Khalil Yazdi, Consulting CIO and Principal, Yazdi and Associates, LLC
For Research and Education (R&E) institutions, the role of technology has traditionally been about enabling student success and facilitating faculty research and scholarship – and of course, effective and efficient operational management of our campuses. In a moment of frank reflection, I think that many of my CIO colleagues would admit that the major investments in now legacy, but at the time, transformative IT deployments over the past two or three decades are now boat-anchors that impede our ability to move with agility to new, better and more cost-effective solutions.
“CIO is responsible for developing a balanced portfolio of technology assets that optimize value towards the institution's teaching and research mission”
HiED is unique in that of necessity, campuses include many forms of services directly to students and faculty and spawn the use of numerous diverse technologies that speak to both individual ‘consumer’ uses as well as enterprise level roll-up and deployment.
The proliferation of cloud services is forcing the CIO and central/enterprise IT into a role of IT asset management—where the CIO is responsible for developing a balanced portfolio of technology assets that optimize value towards the institution's teaching and research mission, reduce institution's the overall risk (legal, business and security) while juggling the total budgetary impact of IT spend. In attempting to optimize their institutionally focused portfolio of technology assets, higher education CIOs must find ways to extract value from legacy investments in both technology and the prevailing culture of technology use. Different from most commercial enterprises, the campus CIO does not have the ability to prescriptively deploy services and is highly dependent on the widely varying expectations and desires of campus constituencies–particularly students and faculty.
In attempting to better position themselves, CIOs from the HiED community came together in 2010 to establish and express to cloud service providers a consistent set of expectations around business, legal, and security terms as well as providing guidance on commonly acceptable technical integration requirements, particularly on identity management and to leverage community assets such as the Internet2 R&E Network and community developed middleware. This initiative represents a sea-change in how decisions around technology acquisition are approached and describes a new pathway for the R&E community to engage with service providers at scale.
Whether for on premise or external cloud services, data security keeps all of us up at night. a CIO's professional career can be significantly and adversely impacted on by any form of security failure. The challenge of course is the relative immaturity of our collective understanding of how best to balance the distribution of responsibility for security failures and how far is far enough when it comes to investments in and payments for security protections. In particular, R&E institutions have to strike a rather delicate balance between a protecting institutional constituencies and maintaining a healthy creative and academically open environment for discovery and learning–areas where risk tolerances and failure rates are often high.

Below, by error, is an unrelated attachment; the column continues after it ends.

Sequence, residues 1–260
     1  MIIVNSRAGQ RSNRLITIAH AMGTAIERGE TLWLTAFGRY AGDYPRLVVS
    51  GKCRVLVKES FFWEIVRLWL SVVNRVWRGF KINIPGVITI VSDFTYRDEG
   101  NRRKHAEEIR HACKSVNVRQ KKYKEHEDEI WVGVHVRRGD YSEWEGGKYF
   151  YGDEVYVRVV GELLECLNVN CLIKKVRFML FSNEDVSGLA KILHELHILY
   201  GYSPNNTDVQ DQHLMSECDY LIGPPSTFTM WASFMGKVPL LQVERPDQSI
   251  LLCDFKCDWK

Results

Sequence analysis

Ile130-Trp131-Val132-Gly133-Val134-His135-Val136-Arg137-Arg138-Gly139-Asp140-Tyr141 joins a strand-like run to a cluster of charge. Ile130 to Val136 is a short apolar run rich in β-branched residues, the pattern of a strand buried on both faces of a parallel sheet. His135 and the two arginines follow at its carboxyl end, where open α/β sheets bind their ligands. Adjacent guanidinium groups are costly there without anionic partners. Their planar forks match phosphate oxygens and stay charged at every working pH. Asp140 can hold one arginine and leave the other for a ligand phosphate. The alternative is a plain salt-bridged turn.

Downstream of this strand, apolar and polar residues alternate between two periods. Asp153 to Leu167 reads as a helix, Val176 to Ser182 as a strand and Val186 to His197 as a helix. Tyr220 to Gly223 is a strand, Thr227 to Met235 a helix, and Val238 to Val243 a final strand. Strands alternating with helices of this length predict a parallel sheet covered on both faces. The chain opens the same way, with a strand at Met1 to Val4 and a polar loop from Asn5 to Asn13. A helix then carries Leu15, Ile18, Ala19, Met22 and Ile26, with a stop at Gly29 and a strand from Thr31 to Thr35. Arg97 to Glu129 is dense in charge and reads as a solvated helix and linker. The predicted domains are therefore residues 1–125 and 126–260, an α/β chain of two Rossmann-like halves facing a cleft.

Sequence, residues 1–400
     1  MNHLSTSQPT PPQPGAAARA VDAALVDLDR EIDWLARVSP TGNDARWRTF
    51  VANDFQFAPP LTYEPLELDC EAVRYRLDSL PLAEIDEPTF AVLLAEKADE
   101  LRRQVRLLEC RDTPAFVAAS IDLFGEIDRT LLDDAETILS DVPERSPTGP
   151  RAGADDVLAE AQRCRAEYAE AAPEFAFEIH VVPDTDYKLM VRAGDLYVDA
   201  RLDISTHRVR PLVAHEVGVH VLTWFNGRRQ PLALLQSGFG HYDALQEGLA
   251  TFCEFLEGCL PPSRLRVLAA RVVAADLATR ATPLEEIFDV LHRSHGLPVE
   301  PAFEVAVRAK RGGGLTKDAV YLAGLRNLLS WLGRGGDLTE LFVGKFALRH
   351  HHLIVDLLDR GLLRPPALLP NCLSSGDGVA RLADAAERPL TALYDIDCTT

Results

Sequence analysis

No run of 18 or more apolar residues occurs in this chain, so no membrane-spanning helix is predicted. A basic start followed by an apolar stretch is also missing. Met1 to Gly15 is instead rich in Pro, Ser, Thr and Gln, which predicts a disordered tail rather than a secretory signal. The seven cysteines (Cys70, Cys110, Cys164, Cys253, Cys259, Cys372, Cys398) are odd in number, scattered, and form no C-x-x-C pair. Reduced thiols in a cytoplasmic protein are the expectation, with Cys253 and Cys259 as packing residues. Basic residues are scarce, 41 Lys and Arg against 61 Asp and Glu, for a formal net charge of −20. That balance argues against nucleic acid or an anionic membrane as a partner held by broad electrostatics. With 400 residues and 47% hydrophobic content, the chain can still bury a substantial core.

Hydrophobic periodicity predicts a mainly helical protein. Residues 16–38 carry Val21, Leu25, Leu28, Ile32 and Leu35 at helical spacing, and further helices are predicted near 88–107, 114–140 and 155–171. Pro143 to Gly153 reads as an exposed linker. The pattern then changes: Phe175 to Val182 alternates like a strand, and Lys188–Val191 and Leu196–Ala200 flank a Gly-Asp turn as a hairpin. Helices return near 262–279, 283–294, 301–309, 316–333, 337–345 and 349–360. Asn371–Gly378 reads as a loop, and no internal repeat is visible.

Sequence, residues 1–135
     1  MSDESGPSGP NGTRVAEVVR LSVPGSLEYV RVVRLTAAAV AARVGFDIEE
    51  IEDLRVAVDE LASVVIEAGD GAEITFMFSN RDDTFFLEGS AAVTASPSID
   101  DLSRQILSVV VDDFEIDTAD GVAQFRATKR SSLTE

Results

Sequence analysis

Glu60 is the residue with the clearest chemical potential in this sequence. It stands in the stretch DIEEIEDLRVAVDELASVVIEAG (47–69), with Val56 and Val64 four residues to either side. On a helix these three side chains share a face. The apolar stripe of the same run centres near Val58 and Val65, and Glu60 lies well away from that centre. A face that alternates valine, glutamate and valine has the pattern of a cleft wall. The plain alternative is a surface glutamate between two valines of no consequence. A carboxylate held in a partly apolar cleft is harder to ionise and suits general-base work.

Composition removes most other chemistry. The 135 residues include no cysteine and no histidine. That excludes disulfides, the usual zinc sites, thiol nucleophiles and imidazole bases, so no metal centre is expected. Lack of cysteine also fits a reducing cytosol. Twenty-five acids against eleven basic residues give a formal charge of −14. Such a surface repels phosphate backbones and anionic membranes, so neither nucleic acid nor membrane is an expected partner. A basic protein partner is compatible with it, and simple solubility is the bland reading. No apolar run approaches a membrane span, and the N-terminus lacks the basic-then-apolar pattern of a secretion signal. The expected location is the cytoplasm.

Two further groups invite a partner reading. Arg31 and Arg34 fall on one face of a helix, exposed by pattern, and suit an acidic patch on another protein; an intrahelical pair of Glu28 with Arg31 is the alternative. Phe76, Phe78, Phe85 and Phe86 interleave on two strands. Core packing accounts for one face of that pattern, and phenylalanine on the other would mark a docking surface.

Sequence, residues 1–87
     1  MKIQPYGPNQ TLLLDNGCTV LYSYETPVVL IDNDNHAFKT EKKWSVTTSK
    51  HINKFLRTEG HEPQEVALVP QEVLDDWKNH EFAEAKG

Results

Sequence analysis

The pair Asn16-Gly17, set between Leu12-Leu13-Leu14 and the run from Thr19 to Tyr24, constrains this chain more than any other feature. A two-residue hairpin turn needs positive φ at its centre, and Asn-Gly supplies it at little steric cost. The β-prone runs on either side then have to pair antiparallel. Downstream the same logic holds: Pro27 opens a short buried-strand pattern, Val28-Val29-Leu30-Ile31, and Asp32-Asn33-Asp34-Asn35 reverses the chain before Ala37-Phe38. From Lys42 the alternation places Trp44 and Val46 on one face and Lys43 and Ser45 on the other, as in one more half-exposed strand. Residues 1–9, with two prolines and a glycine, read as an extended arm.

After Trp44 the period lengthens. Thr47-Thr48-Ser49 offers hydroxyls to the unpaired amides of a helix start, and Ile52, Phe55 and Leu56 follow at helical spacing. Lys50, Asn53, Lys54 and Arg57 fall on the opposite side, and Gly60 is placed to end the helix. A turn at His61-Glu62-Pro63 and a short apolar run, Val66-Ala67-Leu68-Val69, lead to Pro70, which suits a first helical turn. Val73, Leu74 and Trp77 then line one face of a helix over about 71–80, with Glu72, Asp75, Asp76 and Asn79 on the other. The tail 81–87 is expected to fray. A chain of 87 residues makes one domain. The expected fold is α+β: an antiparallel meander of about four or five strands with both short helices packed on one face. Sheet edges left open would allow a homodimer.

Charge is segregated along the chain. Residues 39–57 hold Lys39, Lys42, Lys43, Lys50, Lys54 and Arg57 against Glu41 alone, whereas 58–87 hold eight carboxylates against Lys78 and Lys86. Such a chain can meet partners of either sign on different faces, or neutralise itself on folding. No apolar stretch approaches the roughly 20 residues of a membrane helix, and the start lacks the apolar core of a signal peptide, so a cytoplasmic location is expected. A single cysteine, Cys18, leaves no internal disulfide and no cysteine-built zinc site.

The financial sustainability of legacy technology offerings is another major area of concern. We likely passed the sustainability threshold at the beginning of this decade. We are keeping the lights on, but as the spread between cost-effective cloud solutions and legacy on-premise solutions continues to grow, the increasing opportunity cost of continuing inefficient solutions makes CIOs appear insensitive and apologists for technology stacks that out of date. With successive budget cuts to HiED over the past two-three decades, further exaggerated during the global recession, there is simply not enough money available to fund continuing operations of legacy systems–and even funding the transition to new technologies is increasingly out of reach. I have often heard the counter that ‘… we don’t need to fix what is not broken…’, but that ignores the reality that no one would seriously consider implementing legacy technologies if the slate were wiped clean.
The 'high-anxiety' nightmare scenario for HiED CIOs is the political and budgetary battle over retaining the legacy mindset of highly customized solutions in the face of multi-tenant, shared services and the associated requirement for standardization. CIOs are being asked to make the argument that decades of painfully arrived at idiosyncratic processes and practices have no describable value in improving educational outcomes, that there is no research or business value in differentiation based on how an IT service is provisioned, and that the inefficiencies and distractions such empty differentiation cause are damaging to our institutions.
To meaningfully migrate ourselves out of confluence of concerns over security and the politics of change, it is essential to cultivate and foster greater collaboration between and among institutions and service providers. We simply cannot afford the financial costs of bad outcomes–and simply put, neither side of the market can afford to work without the benefit of the other party's ability to mitigate against unknown (and unanticipated) risk. Service providers to HiED need to hear consistent messages from our community and that means the research and education sector needs to develop a more consistent and coherent voice. The consequences of failing to do so effectively and at the right scale are frankly quite concerning.